5 Things Business Owners Need to Know About Payroll in Singapore

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Payroll in general can be quite confusing. In Singapore, there is the added task of ethnic-based levies.

Here are a few tips to keep in mind while generating payroll and paying contributions to the Inland Revenue Authority of Singapore:

Contributions and Levies:

Singapore’s social security is paid out by the Central Provident Fund. Every working Singaporean or Singapore Permanent Resident contributes to the fund along with his/her employer. There are four accounts within the fund that can be accessed at different point of an employee’s life.

There are additional levies: Foreign Workers’ Levy, Skills Development Levy and the Ethnic funds (there are four accounts within the ethnic fund). The levies are paid out of the employees’ salaries. Employees may choose to opt out of the levies by signing the relevant forms.

The contribution and levies need to be paid every month. We have a more detailed post about this here.

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Taxes

Employers need to complete a tax clearance form for any non-Singaporean (foreigner or Singapore Permanent Resident) that

  1. ceases to work in the firm,
  2. will be sent on an overseas posting or
  3. is leaving Singapore for a period of over three months.

The purpose of the tax clearance is to ensure that PRs and foreigners have paid their taxes before leaving the country. The employee’s salary/bonus/OT payment may only be disbursed after their tax clearance form has been approved by the government.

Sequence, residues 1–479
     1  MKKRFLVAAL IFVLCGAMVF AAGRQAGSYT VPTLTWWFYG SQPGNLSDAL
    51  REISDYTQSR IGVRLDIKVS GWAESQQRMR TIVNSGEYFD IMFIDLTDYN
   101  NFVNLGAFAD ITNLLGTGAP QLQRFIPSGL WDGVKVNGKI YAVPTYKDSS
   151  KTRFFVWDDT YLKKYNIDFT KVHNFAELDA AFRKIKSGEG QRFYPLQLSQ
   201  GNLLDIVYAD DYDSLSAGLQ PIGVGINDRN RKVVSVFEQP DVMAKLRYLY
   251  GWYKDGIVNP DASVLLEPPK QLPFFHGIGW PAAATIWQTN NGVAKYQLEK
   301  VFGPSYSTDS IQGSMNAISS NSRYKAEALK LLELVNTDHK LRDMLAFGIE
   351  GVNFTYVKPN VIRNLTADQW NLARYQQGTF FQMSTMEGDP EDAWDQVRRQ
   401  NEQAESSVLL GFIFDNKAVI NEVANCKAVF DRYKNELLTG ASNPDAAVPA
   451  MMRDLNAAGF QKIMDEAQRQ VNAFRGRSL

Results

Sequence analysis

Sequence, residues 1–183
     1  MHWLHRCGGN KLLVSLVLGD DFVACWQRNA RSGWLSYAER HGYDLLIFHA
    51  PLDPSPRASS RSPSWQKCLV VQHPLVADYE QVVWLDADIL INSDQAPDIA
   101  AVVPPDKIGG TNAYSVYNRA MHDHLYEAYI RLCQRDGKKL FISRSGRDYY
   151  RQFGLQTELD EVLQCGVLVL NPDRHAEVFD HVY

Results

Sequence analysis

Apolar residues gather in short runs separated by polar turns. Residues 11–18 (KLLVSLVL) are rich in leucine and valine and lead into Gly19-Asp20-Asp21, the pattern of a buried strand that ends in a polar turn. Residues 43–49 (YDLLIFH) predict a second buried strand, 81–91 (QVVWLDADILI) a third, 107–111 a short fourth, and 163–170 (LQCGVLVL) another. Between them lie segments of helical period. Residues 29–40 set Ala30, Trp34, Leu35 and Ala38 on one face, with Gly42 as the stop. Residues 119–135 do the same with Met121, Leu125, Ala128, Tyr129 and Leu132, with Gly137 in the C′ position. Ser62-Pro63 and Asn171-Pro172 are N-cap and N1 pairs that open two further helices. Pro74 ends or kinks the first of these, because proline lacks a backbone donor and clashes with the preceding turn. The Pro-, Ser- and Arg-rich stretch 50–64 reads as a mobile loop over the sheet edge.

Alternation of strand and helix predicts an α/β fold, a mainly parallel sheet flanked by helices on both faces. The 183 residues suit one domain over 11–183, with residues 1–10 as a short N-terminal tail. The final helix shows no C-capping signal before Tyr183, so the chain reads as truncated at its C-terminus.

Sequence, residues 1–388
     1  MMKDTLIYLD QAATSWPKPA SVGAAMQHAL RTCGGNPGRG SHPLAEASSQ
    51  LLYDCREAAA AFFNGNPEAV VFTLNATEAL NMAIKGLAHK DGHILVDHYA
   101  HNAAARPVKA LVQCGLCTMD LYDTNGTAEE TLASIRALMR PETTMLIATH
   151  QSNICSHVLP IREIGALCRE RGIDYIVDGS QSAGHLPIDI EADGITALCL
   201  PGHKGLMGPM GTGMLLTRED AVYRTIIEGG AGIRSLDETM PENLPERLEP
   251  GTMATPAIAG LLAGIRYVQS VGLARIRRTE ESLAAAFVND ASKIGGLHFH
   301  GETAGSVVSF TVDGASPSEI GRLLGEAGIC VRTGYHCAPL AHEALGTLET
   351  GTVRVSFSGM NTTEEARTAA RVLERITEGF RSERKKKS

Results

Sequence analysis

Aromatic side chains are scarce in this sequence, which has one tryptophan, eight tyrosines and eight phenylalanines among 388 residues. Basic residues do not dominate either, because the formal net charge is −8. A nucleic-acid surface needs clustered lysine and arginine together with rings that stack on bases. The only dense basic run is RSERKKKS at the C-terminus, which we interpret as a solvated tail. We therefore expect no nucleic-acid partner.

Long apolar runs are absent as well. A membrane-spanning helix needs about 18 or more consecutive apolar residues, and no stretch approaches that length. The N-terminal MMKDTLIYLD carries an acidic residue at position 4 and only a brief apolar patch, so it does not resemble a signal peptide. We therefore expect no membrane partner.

Form IR21 needs to be submitted a month before any of the above possibilities occur. Failure to notify the government can lead to fines up to $1000. For more information on tax clearance, this is the link.

Hiring Employees:

The Singapore Employment Act is a statute that covers everything you need to know about hiring employees.

Some things to keep in mind are: Singapore does not have a minimum wage. The wage is settled through negotiations between the employee and employer. There are market rates for positions: for example this is a summary of restaurant wages in Singapore.

Another important distinction is between a full time and part time worker. A full time employee works a minimum of 44 hours a week. Anything less than that is considered a part time job. Part time workers have their own set of rules when it comes to leave, hourly rate, over time.

All the information you need about part time work is provided here.

Income Reporting

The Auto Inclusion Scheme requires employers with over 15 employees to file their employees’ income information before the 15th of March every year. The filing can be done electronically. A total of four forms need to be filled:

  1. Form IR8A – for all employees
  2. Appendix 8A – for payment of benefits-in-kind
  3. Appendix 8B – for gains from employee stock options
  4. Form IR8S – if excess CPF payments were made

Employee Records

Since March 2008, the government requires firms to keep a record of all its employees, their income and contribution payments to the IRAS for the last 5 years.

Learn More About Payroll

If you want to learn more about payroll in Singapore, visit our website and get in touch with us. We’d love to chat with you!

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